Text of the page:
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Behind the Wheel with Good Vision

Road safety depends largely on proper vision. If you think about it, staying safe on the road needs several different visual capabilities - for example, the ability to see both near and far ahead, side or peripheral vision, seeing at night and color vision, plus many others.

Being able to see well into the distance is very important because of how it helps you to scan the stretch of road ahead of you and spot any danger that might be present. Being able to see ahead allows you to respond quickly and avoid an accident from happening. And on the flip-side, if you don't see ahead well you may not be able to see dangers in time to stop an accident.

Distance vision is also directly related to the condition of your glasses and windshield, so check that both are clean and free of dust and scratches which can inhibit your sight, mostly at night and on bright days.

You also need peripheral or side vision, which allows you to see either side of your vehicle, which is necessary to be aware of pedestrians, animals and cross traffic without needing to even glance away from the road ahead. Strong peripheral vision is also crucial when changing lanes and making turns. Maximize use of your side and rearview mirrors. Ensure they're angled properly, to assist your view of the road to your sides and back.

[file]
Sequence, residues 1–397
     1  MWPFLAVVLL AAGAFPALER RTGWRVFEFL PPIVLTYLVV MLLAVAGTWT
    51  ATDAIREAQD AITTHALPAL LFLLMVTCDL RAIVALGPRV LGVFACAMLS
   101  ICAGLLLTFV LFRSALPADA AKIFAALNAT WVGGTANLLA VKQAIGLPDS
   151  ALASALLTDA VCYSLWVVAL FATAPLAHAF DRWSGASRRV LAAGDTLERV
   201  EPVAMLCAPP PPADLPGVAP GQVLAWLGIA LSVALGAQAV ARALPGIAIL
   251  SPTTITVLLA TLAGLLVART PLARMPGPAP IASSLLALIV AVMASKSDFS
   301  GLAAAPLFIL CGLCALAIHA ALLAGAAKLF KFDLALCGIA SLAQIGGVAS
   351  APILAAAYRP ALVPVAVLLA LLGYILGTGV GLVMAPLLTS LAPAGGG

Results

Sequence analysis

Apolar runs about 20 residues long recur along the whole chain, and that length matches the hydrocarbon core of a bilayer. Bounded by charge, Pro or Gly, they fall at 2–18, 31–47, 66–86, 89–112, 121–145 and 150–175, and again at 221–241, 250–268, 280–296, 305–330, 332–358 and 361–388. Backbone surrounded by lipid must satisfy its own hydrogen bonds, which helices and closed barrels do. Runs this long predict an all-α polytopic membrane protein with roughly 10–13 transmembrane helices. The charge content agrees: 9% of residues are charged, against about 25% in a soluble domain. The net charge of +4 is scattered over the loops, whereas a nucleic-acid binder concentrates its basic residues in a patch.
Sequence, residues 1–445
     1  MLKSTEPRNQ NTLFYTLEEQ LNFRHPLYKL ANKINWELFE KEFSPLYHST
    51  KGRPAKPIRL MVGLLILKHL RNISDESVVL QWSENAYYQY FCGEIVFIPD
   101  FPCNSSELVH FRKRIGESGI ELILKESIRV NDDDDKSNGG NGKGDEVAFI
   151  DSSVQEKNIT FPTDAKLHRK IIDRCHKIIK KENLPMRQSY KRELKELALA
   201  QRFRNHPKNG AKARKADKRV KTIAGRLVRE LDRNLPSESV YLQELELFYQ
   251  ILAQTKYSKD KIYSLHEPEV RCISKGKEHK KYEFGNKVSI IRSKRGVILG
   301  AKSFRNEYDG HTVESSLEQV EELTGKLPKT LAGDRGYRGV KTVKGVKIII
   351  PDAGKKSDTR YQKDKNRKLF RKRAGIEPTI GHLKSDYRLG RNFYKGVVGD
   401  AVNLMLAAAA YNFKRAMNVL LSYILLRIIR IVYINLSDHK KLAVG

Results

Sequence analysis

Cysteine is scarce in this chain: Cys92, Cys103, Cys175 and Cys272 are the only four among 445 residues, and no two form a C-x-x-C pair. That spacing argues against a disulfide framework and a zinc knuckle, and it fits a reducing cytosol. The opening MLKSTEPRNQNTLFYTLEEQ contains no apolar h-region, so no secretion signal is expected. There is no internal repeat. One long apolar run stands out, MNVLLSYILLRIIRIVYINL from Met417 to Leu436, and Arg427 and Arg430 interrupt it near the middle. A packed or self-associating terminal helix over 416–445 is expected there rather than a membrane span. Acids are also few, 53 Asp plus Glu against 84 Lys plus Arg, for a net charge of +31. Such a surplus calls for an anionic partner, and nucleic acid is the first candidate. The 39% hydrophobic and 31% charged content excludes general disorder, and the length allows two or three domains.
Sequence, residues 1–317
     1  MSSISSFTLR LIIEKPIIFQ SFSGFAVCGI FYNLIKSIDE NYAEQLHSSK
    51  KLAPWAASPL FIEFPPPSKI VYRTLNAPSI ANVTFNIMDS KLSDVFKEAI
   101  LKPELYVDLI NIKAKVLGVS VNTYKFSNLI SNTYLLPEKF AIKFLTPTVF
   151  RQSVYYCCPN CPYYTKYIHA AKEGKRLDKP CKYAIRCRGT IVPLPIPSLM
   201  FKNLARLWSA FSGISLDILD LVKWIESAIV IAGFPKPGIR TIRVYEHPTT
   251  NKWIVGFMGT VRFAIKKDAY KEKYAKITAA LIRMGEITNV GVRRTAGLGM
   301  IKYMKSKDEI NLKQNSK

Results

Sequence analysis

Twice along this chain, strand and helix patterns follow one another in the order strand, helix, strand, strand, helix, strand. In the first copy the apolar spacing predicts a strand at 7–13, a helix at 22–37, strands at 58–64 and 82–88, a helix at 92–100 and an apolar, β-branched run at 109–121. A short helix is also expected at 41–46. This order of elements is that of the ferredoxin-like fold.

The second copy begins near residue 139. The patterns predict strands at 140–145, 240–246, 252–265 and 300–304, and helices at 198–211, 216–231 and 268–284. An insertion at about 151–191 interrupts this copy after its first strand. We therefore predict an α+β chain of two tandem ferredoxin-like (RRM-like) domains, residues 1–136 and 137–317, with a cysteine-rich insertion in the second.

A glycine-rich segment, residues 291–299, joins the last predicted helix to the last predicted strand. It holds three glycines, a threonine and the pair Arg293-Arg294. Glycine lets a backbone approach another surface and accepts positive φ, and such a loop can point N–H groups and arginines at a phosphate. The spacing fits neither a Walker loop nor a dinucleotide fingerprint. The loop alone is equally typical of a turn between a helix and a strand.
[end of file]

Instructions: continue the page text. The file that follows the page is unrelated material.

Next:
Additionally, good depth perception is important for road safety. It allows you to judge distances accurately in dense driving conditions, change lanes and pass other vehicles on the road. Accurate depth perception calls for proper vision in both of your eyes. If one lacks proper vision in one eye, it's advised to consult with your optometrist to see if it is okay for you to get behind the wheel. You may need to stop driving until a solution is found to correct your vision.

Accommodation also keeps you in good stead on the road. If you're unfamiliar with the term accommodating, it is the ability to move your focus from something in the distance to something close, such as from the road to the speedometer. If you're over the age of 45 you might have a slight challenge with near vision, and you might need glasses or some other corrective device to help you see objects up close. Speak to your eye doctor to talk about the best option.

Don't wait until you renew or get your driver's license to make sure your vision is in check. You don't want to endanger your life or those of others on the road! If you feel your eyesight isn't adequate, visit your eye doctor, and get a thorough eye exam as soon as you can.